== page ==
INCIDENTS OF My TRAVELS to
NEVER SEEKING ADVENTURE YET ADVENTURE FINDS ME
Not even a day here and I am lost already!
Harry prepared our first dinner of the expedition in that igloo, concocting a simple dish of frank and beans on bread. I don’t know why I was expecting something more elaborate.
We needed to fill a five gallon can with water at a fresh water stream from a run-out to the ocean on the northern end of the beach.
I volunteered to do the run. It was my job after all as the labor to carry around the heavy stuff.
They reminded me to be careful, it was dark out there. I guffawed. Telling them I was used to walking around in the dark. Begrudgingly they agreed.
They were right to be concerned. As I exited the igloo I was lost to total darkness. The only light was the dim projection from the half opened door. Overcast skies covered any moon present and no other light sources but my flashlight was available.
Total darkness! what a strange (lack of) sight. One I have never experienced really. I was so used to the pollution of city lights reflecting on low hanging clouds that I assumed that was to be the case everywhere.
It was completely dark. I could not see beyond that glow of the igloo’s lights, a cocoon of dim luminosity in an ocean of black.
The lack of visual reference only affected my sight. I could still hear the static of the high grass waving in the gentle breeze. The ocean waves lapping the shore to the distance somewhere behind me and the roaring echoes it caused off the mountain side to the north of us. But none of it with associated imaging caused confusion.
I turned on my flashlight somehow thinking this would illuminate much more. It did not. All it produced was a narrow beam to slice through the black but illuminating not much more. A few feet in front of it darkness reclaims its place.
Apprehensive at first, almost returning to the hut, I decided that if I could not do this now I might as well return home because I was sure that the rest of the expedition would be just as trying.
I slowly followed the path to the beach. Consider counting my steps. Rising above the ridge line that separates the shore and the lagoon I am met by a cooler blast of wind from the ocean there. I moved out to the rocky beach, mere steps from the ridge brush. I turn northward in the direction instructed. I take note of the plane to the left of me. Circular light splashing on its side, I do not see it in entirety. Such a marker would be difficult not to find even with my dim light, I think. I proceed north counting my steps.
At about 68 steps and I hear the babbling of the stream. I sweep my flashlight left to right, nothing. I continue 10 more steps and swing the lamp once more and finally a see reflection off of the ground in front of me. I kneel and dip the can in the cold oil looking liquid. I cannot get the full five gallons full into the can because of the shallowness of the stream but this would suffice for a few days.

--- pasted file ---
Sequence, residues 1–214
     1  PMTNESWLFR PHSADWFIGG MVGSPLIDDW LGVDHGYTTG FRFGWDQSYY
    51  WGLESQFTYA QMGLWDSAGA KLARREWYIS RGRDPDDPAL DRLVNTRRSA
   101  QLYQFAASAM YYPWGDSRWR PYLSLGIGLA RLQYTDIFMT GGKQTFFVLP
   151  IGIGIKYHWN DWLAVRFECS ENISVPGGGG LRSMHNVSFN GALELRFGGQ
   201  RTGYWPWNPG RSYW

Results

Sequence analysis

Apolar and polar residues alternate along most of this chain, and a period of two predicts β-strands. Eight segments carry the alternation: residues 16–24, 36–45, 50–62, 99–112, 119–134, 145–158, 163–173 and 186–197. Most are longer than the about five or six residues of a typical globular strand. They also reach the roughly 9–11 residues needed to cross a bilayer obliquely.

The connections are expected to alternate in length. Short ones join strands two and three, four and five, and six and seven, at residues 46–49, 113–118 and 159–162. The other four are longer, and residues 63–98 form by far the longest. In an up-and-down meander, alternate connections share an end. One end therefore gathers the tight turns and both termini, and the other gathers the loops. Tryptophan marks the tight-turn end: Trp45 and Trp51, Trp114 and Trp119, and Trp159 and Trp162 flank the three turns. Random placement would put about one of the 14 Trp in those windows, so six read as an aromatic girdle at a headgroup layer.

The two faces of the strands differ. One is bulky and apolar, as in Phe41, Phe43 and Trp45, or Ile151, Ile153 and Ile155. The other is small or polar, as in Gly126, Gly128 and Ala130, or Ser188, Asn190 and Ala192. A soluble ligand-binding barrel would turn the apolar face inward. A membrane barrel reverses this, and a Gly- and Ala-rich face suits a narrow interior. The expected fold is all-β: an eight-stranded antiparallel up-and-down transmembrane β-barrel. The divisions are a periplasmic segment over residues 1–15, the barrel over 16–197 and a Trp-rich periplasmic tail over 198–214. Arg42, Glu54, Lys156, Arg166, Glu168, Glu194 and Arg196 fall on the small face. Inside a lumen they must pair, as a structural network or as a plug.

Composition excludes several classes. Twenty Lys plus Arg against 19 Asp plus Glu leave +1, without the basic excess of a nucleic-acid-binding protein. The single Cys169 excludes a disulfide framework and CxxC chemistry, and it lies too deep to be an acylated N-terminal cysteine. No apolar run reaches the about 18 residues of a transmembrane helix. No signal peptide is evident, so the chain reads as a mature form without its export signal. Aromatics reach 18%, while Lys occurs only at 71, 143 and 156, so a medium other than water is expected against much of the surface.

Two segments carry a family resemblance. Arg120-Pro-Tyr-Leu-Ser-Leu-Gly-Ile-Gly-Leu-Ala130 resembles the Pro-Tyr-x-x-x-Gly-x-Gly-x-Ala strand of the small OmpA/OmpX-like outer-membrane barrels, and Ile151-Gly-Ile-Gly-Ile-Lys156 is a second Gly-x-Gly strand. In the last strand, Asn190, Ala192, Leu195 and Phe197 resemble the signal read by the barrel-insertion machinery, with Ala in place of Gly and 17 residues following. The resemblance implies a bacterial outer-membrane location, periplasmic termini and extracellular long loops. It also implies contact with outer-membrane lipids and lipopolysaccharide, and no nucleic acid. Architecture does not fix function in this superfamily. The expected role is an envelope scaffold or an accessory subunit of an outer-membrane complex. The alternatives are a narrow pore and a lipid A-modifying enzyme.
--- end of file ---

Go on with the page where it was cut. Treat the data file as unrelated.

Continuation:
Five gallons of fresh water weighs 41.7 pounds, each gallon of water approximately 8.34 pounds. Retracing invisible steps back to the plane at the trail head I lug the heft on one arm until it tires when then I would switch to the other after a few moments. I was thinking that I was on a straight path but every time I swung the water the sway would shift my direction. Around step 55 I find myself stepping in the rolling waves of the ocean, about twenty feet from the ridge line. Dang! I stop. Walk back a perpendicular path to the ridge and resume my count southward. Not realizing the unforgivable truth that the hypotenuse of a triangle is longer that the two sides the sway has already misplaced my position and the count was useless. So at the final tallied count of 78 I look toward the ridge expecting to find the plane and find none.
I must have miscounted. I take a few more steps, sweeping the light along the grass looking for the imposing plane. I am only met by the reflective eyes of critters watching me from the brush.
How can I misplace a plane that size. I continue and then find myself at the opposite end of the beach, by the inlet to the lagoon. Too far!
I turn north and continue looking, now to the left for the plane. Still dragging the heavy bucket, if I drop it now I will surely lose my mission’s prize.
I missed it again because once again I am at the babbling stream. Re-counting my steps I try to traverse south once more. But of course I do not and find myself at the other extreme again.
Frustrated, and a bit scared, I keep on going. I must be able to find it at some point. This beach is not that large.
On this last run northward I am met beams of light sweeping the beach in front of me. It is Harry and Jim who became concerned for me. If they have started a search I must have been gone for a while but for me it felt like mere minutes.
Jim carries the bucket that I am now dragging on the ground and Harry leads us back. Hs light lands on the large plane at our trail head (How could I have missed THAT on each pass!) and heads over the ridge to the dim cocoon of light emitted from the igloo.
I have had a hard lesson on my first night already. This was no game. If I was to be of any value to this expedition I will have to adapt to my unexpected environments and quickly. I apologized profusely at my embarrassment. They were forgiving, but I am sure concerned about the choice of me on this trip.
We prepare for bed. I lay there with fatigued arms. Surely this would be the worse of my experience here.
About the Author
I have always ended up in unexpected places. So I present a collection of my tales told over the years. Places that due to circumstances I might never go on my own accord.